A bipartisan pair of female senators is renewing the push bring a women's history Smithsonian museum to Washington.

Sens. Susan CollinsSusan Margaret CollinsSenate confirms Trump pick labeled 'not qualified' by American Bar Association Republicans raise concerns over Trump pardoning service members Collins opposes Trump's district court pick MORE (R-Maine) and Dianne FeinsteinDianne Emiel FeinsteinSenate confirms Trump pick labeled 'not qualified' by American Bar Association Feinstein endorses Christy Smith for Katie Hill's former House seat Director of National Intelligence Maguire should stand for the whistleblower MORE (D-Calif.) introduced S.959, the Smithsonian American Women's History Museum Act, on Friday.

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Collins called the museum’s creation "long overdue," saying in a statement, "A museum dedicated to women’s history would help ensure that future generations understand what we owe to those American women who have helped build, sustain, and advance our society.”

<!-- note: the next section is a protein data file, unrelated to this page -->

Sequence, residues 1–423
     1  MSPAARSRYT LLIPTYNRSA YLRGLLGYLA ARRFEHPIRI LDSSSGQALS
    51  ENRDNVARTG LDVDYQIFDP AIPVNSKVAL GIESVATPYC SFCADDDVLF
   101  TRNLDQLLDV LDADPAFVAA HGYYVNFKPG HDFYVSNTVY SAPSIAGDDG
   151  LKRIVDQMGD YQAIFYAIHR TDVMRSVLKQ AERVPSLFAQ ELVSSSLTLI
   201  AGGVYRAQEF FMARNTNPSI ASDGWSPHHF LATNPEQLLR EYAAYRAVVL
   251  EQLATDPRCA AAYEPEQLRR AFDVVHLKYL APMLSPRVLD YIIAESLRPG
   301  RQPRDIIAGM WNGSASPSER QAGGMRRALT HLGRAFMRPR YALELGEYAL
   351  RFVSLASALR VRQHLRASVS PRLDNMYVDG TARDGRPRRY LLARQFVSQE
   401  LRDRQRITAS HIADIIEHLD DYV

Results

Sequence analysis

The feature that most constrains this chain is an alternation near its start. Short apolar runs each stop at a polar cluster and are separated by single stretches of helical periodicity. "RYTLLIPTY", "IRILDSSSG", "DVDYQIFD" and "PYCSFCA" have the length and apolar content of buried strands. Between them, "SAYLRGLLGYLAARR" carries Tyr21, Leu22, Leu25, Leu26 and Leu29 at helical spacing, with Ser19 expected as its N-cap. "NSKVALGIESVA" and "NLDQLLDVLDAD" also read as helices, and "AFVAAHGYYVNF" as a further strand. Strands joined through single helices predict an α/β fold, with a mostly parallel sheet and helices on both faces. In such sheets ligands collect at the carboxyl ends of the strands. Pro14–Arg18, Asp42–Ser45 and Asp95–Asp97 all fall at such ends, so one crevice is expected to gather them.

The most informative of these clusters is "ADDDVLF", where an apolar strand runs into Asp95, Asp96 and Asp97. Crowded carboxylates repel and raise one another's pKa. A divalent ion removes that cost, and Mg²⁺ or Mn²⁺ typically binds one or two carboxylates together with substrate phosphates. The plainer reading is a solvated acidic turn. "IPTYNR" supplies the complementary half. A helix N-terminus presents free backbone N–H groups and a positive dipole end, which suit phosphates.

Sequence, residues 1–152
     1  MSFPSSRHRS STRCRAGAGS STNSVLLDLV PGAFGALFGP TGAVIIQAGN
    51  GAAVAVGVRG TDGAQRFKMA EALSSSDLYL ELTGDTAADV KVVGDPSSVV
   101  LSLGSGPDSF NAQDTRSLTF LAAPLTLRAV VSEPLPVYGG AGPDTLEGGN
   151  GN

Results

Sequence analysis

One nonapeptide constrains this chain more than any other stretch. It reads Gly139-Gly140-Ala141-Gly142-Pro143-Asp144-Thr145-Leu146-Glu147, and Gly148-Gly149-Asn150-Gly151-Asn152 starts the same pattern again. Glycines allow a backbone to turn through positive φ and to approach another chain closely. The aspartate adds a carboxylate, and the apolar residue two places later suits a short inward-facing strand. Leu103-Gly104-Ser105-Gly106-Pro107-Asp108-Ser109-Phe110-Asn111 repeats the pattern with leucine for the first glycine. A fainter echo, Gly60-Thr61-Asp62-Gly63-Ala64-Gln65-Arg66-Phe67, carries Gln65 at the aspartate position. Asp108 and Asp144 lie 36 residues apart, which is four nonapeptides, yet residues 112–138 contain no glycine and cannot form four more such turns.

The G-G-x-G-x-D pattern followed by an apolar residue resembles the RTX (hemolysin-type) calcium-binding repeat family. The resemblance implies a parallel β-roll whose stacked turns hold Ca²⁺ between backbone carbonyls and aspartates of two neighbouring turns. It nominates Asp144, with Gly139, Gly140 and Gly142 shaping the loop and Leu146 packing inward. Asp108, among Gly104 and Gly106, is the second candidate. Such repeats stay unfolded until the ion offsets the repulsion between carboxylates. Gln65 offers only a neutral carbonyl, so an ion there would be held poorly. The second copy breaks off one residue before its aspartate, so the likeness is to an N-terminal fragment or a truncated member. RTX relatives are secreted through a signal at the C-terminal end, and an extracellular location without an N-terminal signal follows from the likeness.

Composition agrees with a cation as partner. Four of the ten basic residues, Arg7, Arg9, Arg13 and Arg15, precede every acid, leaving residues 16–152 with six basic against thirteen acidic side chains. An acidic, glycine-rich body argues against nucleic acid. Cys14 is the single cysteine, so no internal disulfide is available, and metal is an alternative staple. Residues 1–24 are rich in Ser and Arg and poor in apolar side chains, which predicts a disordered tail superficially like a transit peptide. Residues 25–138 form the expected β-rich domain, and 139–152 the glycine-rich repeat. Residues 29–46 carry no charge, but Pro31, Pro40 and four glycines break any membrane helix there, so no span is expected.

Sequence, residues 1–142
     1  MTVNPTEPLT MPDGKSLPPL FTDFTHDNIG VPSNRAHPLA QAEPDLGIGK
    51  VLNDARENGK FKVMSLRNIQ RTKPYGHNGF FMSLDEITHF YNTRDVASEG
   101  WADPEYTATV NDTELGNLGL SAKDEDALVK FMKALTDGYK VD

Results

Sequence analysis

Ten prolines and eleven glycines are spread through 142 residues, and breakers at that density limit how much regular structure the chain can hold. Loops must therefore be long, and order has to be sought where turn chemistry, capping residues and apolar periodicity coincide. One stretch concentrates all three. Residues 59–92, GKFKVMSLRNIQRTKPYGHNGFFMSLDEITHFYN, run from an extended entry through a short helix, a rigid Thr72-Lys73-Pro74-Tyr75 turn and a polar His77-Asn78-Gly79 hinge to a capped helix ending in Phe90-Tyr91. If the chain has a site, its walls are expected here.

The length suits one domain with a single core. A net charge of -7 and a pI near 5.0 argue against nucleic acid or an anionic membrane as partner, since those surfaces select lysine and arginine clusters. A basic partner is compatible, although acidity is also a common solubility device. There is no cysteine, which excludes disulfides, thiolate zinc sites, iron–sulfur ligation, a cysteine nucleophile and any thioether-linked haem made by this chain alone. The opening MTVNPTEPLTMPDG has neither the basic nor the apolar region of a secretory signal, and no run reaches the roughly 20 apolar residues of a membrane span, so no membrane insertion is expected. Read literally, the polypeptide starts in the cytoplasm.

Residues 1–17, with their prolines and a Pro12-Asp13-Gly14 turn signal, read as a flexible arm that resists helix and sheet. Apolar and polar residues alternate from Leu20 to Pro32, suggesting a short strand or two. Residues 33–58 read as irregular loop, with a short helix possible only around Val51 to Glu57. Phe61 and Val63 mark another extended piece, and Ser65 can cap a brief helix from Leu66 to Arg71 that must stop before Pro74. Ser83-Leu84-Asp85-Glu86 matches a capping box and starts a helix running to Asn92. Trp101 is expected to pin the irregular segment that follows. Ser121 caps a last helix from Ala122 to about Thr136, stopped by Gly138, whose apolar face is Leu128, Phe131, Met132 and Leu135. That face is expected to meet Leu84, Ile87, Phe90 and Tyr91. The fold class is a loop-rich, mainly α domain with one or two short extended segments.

"We need a permanent place to showcase the accomplishments and tell the stories of women throughout our country’s history," Feinstein said.

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The bill would create a council to oversee the planning, design and construction of a future museum, as well as acquire artifacts for it, among other tasks. It would also aid in finding a location on the National Mall to become the site of the museum.

The bipartisan bills come after a congressional commission was created in 2014 to study the potential for a women's museum in the District of Columbia. 

Maloney first proposed the museum in 1995 and has been pushing for serious consideration of the proposal ever since.

The process of establishing a new Smithsonian museum on the Mall — considered prime real estate in Washington — is known to move at a snail's pace, since it involves acts of Congress, federal appropriations and coordination with the institution's Board of Regents.